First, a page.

Jared Abrahamson and Ramy Youssef in episode nine of “Ramy.”

I love that idea — that it helps you make sense of the world. I think that resonates with a lot of people. And you talked about not seeing yourself represented. I think that there’s so much weight and expectation placed on those who represent marginalized communities in an industry that is really grappling with representation and authentic storytelling.

In light of this, how do you want queerness and Islam — or the intersection of two — to be understood by audiences? Or is that even important to you?

I never want to separate these things from my work. I never want to write just a blank character that anyone can fit into. When I move through the world, it’s not like I go to meet a friend and being queer or brown or Pakistani or Muslim comes up in conversation. But it certainly informs so much of what I do, I don’t even know to what extent.

So, when I’m writing, I want it to come out in all the quiet moments for the characters. So the reason that a character would do something would probably come from different facets of their identity. While I don’t believe that you can separate the two, I don’t think I would want identity necessarily to be the story. There is obviously this pressure, which I know a lot of underrepresented creators talk about — the pressure of “you have to represent everybody in your work.” And, for me, I really just want to represent one version of something.

So something singular rather than universal?

Yeah, exactly. I really do think that in telling a more specific story, you make it more general. That’s what I have found in my work. I think about “Fleabag” a lot. There’s people that you talk to who will tell you that “Fleabag” is a story about a woman and her sexual misadventures. But to me, it was never about that. To me, it was about loneliness; it was about grief. It was about something much bigger. I saw myself reflected in “Fleabag,” probably more than I had in most shows that had come out before that, including shows about Muslims, shows about queer people. And that’s sort of what is important to me. I really believe that if you ― and this has been my experience in writing ― if you think about your characters enough, if you love them enough or if you give them enough respect, they will write themselves.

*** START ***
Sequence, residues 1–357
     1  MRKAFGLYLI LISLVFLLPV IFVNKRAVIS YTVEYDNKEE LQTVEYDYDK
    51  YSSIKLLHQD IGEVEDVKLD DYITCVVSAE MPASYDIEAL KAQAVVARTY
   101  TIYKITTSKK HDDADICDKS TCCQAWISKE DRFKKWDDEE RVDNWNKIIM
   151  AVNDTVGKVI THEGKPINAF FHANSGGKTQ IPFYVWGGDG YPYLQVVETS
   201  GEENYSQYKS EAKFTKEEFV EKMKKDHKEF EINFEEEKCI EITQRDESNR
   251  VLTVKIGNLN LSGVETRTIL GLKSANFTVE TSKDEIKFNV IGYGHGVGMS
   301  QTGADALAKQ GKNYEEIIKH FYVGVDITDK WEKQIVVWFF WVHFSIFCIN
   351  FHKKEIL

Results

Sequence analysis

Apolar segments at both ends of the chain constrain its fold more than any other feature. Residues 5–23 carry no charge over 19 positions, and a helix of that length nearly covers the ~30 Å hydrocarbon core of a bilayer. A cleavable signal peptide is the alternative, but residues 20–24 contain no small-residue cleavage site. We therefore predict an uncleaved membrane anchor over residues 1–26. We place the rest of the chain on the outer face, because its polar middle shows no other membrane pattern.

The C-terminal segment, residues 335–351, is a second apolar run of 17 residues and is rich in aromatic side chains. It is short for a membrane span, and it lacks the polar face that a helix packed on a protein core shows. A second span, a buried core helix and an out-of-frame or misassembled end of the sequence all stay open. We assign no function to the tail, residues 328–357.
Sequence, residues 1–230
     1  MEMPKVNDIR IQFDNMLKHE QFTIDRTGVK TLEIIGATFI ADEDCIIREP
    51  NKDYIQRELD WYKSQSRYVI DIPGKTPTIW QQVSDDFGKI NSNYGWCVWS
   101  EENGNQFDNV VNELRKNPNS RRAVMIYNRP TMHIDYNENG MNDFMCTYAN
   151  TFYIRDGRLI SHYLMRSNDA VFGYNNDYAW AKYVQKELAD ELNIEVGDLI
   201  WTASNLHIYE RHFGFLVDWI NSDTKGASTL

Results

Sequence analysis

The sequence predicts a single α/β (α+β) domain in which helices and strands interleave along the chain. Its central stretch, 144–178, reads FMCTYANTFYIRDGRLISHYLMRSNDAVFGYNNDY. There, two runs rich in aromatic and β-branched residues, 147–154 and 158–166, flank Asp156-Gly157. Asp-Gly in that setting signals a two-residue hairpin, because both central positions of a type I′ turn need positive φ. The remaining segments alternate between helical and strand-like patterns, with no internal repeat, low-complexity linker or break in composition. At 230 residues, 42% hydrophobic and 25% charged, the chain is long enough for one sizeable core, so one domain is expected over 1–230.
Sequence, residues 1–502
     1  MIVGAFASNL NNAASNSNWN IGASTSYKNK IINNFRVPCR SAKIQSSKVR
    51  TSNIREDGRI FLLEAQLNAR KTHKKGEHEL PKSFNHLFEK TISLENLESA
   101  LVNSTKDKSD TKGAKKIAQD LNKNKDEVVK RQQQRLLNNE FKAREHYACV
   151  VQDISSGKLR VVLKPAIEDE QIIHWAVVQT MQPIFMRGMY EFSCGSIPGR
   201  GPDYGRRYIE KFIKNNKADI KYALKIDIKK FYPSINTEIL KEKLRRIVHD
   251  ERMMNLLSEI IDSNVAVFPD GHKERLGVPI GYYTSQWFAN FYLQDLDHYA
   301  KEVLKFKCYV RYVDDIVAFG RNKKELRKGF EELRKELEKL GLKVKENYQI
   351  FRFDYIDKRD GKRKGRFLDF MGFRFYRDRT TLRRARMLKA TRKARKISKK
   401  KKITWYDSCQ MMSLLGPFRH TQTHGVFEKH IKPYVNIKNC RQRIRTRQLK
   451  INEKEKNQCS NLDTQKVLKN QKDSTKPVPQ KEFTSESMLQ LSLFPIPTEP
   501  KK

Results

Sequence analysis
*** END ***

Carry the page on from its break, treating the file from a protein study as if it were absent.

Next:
The number of times in the writers rooms that we haven’t been able to make something click, or you’re thinking about something for days, and then something that wasn’t even planned kind of falls into place on day four ― it’s because you let the character live. You’ve given them breathing room to do what they want to do. And so that’s really how I want to approach it. It’s, like, write a character — whether they’re queer or Muslim or queer and Muslim or Brown or Pakistani or an immigrant — who has the room to just be all of those things and none of those things.

How or to what extent do you feel the Western gaze constrains authentic storytelling in the writers rooms you’ve worked in?

I’ve had primarily positive experiences. People have, for the most part, approached things that they don’t know about or are not aware of with curiosity. And that’s all I ask of anybody — is, like, be curious. I also am a big believer in giving people the room to fuck up. I think that’s OK. I think provided that they’re not obnoxious if the answer is something maybe that they don’t like and they’re willing to kind of hear something that maybe would be a negative reflection on them. I’ve been more than happy to hear from a number of brown women or brown people who aren’t cis men about their experiences with brown men, for example, which aren’t always positive.

The biggest value that I bring, interestingly, is I don’t think as a queer person — in my opinion, no one has ever said this to me, so this is just my opinion — but not as a queer person, not as a Muslim, but just as an immigrant, as someone who did not grow up in the West and who can think outside of those structures.

Turning to your work on “Ramy,” you co-wrote episode nine this season. One of my favorite scenes is the one that features you in the beginning with Uncle Naseem, who engages in sexual activity with cisgender men, but refuses to identify as gay and is horrified by the suggestion. And this is such a common phenomenon; I think about Pakistan and a lot of non-Western countries where Western LGBTQ paradigms and labels don’t really apply to sexuality and identity in the same way. But I feel like very often when it comes to storytelling and narratives, the West tries to impose these labels onto these characters where it doesn’t necessarily fit.

So there’s this beautiful nuance in that scene. And I’m wondering if you can speak a little bit about this tension and how important it is to even label queerness?

Laith Nakli as Uncle Naseem in episode nine of "Ramy."
Laith Nakli as Uncle Naseem in episode nine of “Ramy.”

This is, in many ways, a big question that I ask myself all the time and something that I’m trying to center a project around. The short answer is, I don’t know. I wish I knew. But I think there are these big questions of, “What does it mean to be gay? What does it mean to be publicly gay? Is it important to say it?” I definitely think that you cannot take the Western template of queerness, of masculinity, and apply it to the East. It’ll never work.

I know this is true in the Middle East as well, but certainly in Pakistan, you see two men holding hands on the street, two straight, cis men holding hands on the street; that is just a sign of platonic affection. Straight, cis men in the West would not be caught dead holding hands, including the best of them. It’s just like masculinity, friendship is not expressed in a tactile way in the West. The way that the West would view something like that is “That’s pretty gay.” The West really does categorize things and try to make sense of things a certain way.